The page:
OSWEGO – United States Senator Charles Schumer commented Sunday to the death of convicted Lockerbie bomber, Abdelbaset al-Megrahi, who was released from prison almost three years ago on the so-called compassionate claim that the terrorist only had three months to live.
Megrahi was convicted in 2001 of the bombing of Pam Am flight 103 en route from London’s Heathrow Airport to New York’s Kennedy International Airport, killing all 259 people on board (including those with ties to Oswego) and 11 on the ground in Lockerbie, Scotland.
Many New Yorkers and New Jersey residents were on board, including 180 Americans and a contingent of students from Syracuse University as well as SUNY Oswego.
Despite being sentenced to life in prison, Megrahi was released in August 2009 on compassionate grounds that claimed the terrorist had only three months to live after being diagnosed with prostate cancer.
Serious questions emerged over whether Megrahi’s release was connected to an oil deal between BP and the Libyan government, under pressure from the British government.
Schumer’s advocacy to return Megrahi to prison culminated with an extraordinary meeting the Senator led with British Prime Minister David Cameron in Washington, DC in July 2010.
Schumer said that while the death of Megrahi may help bring some closure, it’s unfortunate that the convicted terrorist was able to live out his remaining days with his family, despite having maliciously denied that right to so many New Yorkers.
“It is a grave injustice that this evil terrorist, who caused so much heartache and havoc, died in freedom instead of behind bars where he belongs. It is particularly offensive that he was able to spend his last days with his family after having denied so many Americans the same opportunity,” the senator said. “The Al-Megrahi debacle goes down as one of the most egregious miscarriages of justice of the 20th Century.”
“To this day, the British and Scottish governments have not come clean about how this mass-murderer got his freedom and the transaction still has the unholy stench of oil for blood. History shows the truth almost always comes out; in this case we hope it is sooner rather than later,” the senator added.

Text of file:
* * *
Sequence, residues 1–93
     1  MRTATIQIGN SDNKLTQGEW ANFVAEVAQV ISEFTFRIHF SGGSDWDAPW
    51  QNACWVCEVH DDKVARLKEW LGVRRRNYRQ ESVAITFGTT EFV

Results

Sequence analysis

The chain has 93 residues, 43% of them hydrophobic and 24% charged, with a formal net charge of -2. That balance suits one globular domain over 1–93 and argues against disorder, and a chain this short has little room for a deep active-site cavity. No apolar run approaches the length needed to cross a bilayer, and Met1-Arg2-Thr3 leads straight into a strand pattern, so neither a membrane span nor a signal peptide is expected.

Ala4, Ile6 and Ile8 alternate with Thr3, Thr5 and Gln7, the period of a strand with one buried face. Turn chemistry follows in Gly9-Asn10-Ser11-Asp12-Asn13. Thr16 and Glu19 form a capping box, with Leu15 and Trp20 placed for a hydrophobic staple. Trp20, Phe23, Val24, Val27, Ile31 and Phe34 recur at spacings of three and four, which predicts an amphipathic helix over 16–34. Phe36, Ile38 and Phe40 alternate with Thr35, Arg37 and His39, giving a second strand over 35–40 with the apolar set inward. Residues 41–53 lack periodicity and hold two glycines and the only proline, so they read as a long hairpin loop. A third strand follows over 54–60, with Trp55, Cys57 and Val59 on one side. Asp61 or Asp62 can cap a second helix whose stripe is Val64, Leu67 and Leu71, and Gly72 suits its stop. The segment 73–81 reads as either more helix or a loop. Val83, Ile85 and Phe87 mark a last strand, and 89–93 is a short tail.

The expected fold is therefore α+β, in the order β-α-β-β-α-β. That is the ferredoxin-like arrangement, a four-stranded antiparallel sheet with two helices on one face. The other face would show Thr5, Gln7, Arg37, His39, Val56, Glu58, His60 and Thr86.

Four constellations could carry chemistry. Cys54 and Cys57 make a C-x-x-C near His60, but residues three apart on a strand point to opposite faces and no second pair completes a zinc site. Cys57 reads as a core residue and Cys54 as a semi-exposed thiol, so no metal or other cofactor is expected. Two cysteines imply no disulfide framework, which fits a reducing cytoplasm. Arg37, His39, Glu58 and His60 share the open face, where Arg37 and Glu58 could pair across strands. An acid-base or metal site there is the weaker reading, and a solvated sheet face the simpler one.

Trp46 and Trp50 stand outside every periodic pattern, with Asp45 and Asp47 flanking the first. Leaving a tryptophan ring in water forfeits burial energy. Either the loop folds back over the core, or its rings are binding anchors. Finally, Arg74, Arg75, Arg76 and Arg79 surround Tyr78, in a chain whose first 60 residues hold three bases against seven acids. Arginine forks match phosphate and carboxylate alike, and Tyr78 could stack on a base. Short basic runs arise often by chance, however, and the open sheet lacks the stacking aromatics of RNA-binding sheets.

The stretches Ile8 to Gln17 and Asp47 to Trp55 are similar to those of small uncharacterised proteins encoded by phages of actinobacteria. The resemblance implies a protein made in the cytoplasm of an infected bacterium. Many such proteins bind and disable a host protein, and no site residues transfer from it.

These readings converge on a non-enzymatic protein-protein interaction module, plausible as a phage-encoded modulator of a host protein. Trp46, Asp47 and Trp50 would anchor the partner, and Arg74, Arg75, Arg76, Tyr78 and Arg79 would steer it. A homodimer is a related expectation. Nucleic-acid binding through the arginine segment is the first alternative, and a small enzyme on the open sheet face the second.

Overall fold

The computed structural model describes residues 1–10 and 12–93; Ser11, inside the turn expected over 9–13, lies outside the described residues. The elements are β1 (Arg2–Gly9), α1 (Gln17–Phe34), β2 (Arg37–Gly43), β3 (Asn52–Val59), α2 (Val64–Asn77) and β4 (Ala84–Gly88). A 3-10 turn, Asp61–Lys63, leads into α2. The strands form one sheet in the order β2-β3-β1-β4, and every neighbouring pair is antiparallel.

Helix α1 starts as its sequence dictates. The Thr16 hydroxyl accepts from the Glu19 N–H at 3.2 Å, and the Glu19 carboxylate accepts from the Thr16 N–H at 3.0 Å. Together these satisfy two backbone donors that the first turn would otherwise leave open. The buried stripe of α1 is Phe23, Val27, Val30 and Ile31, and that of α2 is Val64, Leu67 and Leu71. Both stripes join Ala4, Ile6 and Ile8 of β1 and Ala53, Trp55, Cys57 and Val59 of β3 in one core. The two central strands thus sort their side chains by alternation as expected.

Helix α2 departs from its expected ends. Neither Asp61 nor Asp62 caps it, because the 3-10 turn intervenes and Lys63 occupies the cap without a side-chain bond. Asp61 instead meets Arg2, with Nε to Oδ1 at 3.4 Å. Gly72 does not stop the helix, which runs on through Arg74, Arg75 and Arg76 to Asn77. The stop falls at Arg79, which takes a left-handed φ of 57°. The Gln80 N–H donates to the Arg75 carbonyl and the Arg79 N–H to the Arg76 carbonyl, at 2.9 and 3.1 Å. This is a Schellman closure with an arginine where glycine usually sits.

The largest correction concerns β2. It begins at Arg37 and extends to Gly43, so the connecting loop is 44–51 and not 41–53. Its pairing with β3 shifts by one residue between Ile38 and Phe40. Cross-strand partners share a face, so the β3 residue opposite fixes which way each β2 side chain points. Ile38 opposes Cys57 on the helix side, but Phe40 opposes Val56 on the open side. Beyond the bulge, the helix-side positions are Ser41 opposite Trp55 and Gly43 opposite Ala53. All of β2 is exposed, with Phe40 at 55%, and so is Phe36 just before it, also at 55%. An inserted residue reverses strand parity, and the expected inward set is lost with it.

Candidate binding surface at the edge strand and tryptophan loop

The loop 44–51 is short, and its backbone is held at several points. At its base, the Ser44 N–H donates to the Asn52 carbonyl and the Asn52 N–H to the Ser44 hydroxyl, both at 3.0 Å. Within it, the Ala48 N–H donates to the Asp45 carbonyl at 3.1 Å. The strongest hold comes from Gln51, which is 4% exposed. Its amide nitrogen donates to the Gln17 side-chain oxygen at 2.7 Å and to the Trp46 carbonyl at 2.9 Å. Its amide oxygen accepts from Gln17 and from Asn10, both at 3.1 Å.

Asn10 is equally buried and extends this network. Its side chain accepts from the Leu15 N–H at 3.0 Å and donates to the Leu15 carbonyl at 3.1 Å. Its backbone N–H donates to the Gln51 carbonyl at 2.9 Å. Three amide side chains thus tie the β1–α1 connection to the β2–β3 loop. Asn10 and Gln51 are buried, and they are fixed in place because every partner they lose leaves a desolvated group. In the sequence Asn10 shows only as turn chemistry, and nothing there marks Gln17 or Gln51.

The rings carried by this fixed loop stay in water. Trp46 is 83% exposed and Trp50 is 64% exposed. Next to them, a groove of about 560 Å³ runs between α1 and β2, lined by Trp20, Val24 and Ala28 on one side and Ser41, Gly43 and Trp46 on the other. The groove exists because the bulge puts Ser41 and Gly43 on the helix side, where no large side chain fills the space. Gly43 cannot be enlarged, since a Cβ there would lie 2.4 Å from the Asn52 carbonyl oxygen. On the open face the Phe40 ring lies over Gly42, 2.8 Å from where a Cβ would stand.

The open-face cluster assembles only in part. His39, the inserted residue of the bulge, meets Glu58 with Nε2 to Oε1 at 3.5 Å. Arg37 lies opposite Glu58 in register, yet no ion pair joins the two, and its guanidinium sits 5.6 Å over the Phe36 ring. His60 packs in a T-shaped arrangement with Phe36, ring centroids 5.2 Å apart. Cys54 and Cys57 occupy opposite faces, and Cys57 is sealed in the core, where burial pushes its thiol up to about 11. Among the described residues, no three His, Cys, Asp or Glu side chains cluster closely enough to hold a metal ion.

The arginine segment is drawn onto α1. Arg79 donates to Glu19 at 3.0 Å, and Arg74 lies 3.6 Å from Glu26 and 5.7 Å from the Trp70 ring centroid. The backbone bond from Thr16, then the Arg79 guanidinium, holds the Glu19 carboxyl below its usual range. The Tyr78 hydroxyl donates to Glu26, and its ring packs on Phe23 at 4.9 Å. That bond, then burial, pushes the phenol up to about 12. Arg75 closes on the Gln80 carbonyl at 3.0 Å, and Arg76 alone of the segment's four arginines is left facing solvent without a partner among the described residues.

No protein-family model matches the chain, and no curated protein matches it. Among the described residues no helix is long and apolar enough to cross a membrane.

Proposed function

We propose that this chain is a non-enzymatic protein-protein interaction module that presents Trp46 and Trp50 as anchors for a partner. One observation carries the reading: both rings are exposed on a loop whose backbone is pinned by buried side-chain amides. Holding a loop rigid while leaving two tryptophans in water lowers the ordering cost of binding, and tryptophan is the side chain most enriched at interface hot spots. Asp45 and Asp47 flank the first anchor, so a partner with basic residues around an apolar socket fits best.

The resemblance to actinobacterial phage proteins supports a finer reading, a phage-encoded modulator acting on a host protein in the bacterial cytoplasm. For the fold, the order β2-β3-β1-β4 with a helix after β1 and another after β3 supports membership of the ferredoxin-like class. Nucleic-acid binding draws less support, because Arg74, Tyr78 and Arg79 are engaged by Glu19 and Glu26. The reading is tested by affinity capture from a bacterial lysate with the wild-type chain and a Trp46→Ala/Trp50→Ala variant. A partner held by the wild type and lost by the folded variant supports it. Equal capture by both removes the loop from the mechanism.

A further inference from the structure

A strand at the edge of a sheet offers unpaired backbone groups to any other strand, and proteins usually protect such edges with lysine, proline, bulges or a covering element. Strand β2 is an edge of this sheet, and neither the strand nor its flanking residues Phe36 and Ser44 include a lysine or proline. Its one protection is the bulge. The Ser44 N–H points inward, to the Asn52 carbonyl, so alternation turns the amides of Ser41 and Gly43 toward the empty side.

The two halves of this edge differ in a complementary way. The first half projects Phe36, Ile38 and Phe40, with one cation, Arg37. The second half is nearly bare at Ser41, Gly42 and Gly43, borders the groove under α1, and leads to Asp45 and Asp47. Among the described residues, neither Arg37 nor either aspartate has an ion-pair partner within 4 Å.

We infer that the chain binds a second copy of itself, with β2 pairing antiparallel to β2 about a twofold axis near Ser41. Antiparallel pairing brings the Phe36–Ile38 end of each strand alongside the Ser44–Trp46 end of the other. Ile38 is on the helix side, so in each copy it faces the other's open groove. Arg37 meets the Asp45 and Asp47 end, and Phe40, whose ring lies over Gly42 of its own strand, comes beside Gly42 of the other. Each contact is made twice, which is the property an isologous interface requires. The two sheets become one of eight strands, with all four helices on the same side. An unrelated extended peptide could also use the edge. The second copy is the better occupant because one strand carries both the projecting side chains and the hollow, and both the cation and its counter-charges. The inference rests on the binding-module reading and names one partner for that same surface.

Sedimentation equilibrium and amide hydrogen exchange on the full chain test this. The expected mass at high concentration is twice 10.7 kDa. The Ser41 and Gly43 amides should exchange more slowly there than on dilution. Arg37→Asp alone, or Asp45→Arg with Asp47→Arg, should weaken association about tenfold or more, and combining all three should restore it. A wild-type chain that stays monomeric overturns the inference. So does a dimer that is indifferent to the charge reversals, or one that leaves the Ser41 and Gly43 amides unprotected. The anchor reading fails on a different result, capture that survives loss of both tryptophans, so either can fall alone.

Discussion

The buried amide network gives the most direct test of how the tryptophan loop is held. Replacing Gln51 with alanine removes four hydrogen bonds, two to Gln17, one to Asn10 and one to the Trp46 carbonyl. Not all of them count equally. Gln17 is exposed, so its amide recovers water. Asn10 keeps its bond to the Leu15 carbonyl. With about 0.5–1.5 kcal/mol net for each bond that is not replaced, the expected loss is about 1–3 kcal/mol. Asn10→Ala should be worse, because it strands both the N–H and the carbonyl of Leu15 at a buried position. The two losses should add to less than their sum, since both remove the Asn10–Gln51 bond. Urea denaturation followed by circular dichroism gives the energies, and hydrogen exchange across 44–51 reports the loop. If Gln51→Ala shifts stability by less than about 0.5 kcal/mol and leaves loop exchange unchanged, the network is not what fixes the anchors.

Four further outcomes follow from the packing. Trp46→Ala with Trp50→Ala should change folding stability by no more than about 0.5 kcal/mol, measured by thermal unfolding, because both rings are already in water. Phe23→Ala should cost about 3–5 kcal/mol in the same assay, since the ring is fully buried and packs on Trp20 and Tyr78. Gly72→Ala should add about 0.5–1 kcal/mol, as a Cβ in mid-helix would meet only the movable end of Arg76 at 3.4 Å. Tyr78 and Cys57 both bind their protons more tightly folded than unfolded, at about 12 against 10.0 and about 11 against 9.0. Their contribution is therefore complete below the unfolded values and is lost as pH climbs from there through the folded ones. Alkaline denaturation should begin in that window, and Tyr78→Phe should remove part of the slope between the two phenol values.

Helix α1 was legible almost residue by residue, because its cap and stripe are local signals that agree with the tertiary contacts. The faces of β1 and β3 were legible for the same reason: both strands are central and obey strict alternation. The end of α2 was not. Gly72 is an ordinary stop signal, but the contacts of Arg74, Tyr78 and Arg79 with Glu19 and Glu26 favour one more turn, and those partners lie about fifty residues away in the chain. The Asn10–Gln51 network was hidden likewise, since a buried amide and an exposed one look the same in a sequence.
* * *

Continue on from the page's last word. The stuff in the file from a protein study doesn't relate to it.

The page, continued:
U.S. Senator Kirsten Gillibrand released the following statement on the death of Libyan terrorist and convicted Lockerbie bomber, Abdel Baset al-Megrahi:
“The deaths of Abdel Baset al-Megrahi and Muammar Gaddafi brings to a close the total miscarriage of justice that needlessly brought more pain to the families of Pan Am Flight 103. While this will never heal the pain of the horrific day that took so many innocent lives, I hope this will bring families the comfort that Mr. Megrahi is no longer living free as a hero for his act of terror.”
Nearly three years ago, a ceremony in SUNY Oswego’s Penfield Library Celebrated the lives of the two SUNY Oswego Students murdered in the attack.
They lost their lives Dec. 21, 1988, as the result of a terrorist bombing of Pan Am Flight 103. Their spirits, however, live on forever at SUNY Oswego, an inspiration to all that have come after them.
In December 2008, SUNY Oswego faculty, staff and students mourned the loss of two of its students who lost their lives when Pan Am flight 103 went down over Lockerbie, Scotland.
Nearly 100 family and friends joined with college officials June 7 to pay special tribute to the pair during Alumni Weekend festivities.
Dr. Joseph Grant, VP and dean of admissions at the college welcomed the huge gathering crowded into the lobby of Penfield Library near a memorial to Hartunian and Brunner.
“Today, we will share our fond memories of Colleen and Lynne. We will remember, we will laugh and we will probably shed a tear,” he affirmed. “But, we will keep their memories alive by our sharing here today and living out the lessons they taught us, to go bravely out into the world, to share our culture and learn about others and to love life.”
Lynne Hartunian ’89 and Colleen Brunner ’90 were among the 258 passengers aboard the international flight when it went down Dec. 21, 1988, en route from London to New York. They were traveling home from a school-sponsored study-abroad trip to London.
Both were communication majors and members of Alpha Sigma Chi sorority. Brunner worked in the Admissions Office and Hartunian was a teaching assistant for the late Professor Emeritus I. David Glick.